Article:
Kashmir, In General
Security apparatus’ Lal Chowk light tribute to the fallen general apart, Bipin Rawat has left behind a competing military strategy being strictly implemented in Kashmir.
Barely some months after the old guards changed with the late Hurriyat headman’s closed door in 2016, two defence doctrines were already in circulation and gaining traction as the new security blueprint of Kashmir.
The “double-whammy” would eventually determine a new combat course in the region awaiting conflict closure for nearly eight decades now.
By endorsing security solution for the political problem, Doval Doctrine and Operation All Out seemingly shadowed the political space of the valley. The twin-tactic made the so-called “defensive offence” as a new strategy to handle the strife zone. One was the brainchild of the former spymaster turned NSA, the other was the vocal call of an Indian army chief.
Much of Bipin Rawat’s Kashmir campaign had to do with his protracted Kashmir posting – during which, as Srinagar-based army commanding officer said in his obituary, “the general became a strategician who had a great ground connect”.
His Baramulla military stint is being credited for “cultivating that ground” and making many of the general “fans” nostalgic about his time in once “getaway/gateway of Kashmir”. Some of the mourners even lit candles and boarded quick flights to Delhi for farewell.
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It’s said that Rawat’s highland upbringing in Uttarakhand made him a “countable counterinsurgent” officer in high-altitude warfare.
As a major, he commanded a company in Uri before leading 5 Sector of Rashtriya Rifles in Sopore as brigadier. He was appointed as the 27th chief of the Indian army staff at the fag-end of 2016 when the valley was still witnessing ripples of another seething summer.
Soon after taking his office on 31 December 2016, Rawat sounded more of a political chief, than a traditional Indian military leader. By shedding the old image, the vocal general was apparently competing with his commanding counterpart from the other side.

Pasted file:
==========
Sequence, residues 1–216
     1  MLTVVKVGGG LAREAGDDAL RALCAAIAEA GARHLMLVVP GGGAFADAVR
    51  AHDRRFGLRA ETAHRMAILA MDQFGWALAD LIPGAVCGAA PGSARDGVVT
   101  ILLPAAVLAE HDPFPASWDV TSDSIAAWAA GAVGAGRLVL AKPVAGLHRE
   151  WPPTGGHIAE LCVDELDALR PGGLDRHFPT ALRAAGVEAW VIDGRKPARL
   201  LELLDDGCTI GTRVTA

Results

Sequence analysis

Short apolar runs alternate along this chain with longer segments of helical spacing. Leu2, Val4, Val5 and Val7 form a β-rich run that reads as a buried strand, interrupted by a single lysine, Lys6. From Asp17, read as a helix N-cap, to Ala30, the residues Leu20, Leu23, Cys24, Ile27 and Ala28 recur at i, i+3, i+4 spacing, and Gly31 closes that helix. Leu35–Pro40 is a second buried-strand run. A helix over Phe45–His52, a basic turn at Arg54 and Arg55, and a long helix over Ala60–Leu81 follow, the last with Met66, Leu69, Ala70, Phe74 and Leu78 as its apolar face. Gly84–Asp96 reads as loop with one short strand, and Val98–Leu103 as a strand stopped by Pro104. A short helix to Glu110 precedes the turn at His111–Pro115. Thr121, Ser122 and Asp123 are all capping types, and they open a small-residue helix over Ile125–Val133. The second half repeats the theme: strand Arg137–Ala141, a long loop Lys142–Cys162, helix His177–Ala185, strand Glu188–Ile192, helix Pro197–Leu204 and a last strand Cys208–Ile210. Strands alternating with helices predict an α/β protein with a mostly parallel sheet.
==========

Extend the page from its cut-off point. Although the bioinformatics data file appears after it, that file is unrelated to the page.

He set the deadline for stone-pelting, termed Azadi an “illusion” and turned down employment-related concerns of youth in Kashmir.
But it was the “Operation All Out” that literally made him “military-media” in 2017. That year as the Hurriyat camp faced NIA raids and new-age militants got killed in intensified operations, Rawat’s hardpower endorsement became Delhi’s deafening response to Kashmir defiant din.
His remarks resonated regularly in the region when the unholy alliance between PDP and BJP perished in the summer of 2018. The 4-star general’s public statements were literally being followed in letter and spirit by allied forces in Kashmir. That’s why, perhaps, former DG Police SP Vaid asserted after Mehbboba Mufti government collapsed that the power shift has only “freed the hands of forces”.
Later, as India’s first Chief of Defence Staff, Rawat courted controversy when he said that “girls and boys as young as 10 and 12 are now being radicalised” in Kashmir, and that those who are “completely radicalised” need to be “taken out separately” and put in deradicalisation camps.
Instead of stones, he wanted to see guns in Kashmir’s “young and restive” and deal with them in a better manner. He amplified his political pitch by telling Hurriyat to meet the interlocutor.
Despite drawing flak, his statements made him an uncanny newsmaker in town. Many believe that the plain-speaking general suited the mood, morale and media of his times. The general even termed the army as a conflict manager. “The army is the only facilitators for peace in the valley,” he said in 2019.
Days before his death in a copter crash, Rawat remarked that the Article 370-like restrictions are likely to return in Kashmir. Mehbooba Mufti reacted sharply saying that “repression” is the government’s only method to deal with the Kashmir situation.
But with the dragon on the doorstep, the general post-abrogation of Article 370 was quite assertive about the two-front war. At the same time, mindful of his martial image among sizeable Indians, he wanted to mount an American-style offensive on the “terror launch-pads” across the fence.
His military mindset to strengthen internal security only made him a “role-model” for his tribe-members — some of them now holding executive posts in “Naya Kashmir”.
No wonder, IGP Kashmir, Vijay Kumar in his farewell note said the armed forces want to follow the general’s footsteps and fulfil his goals.
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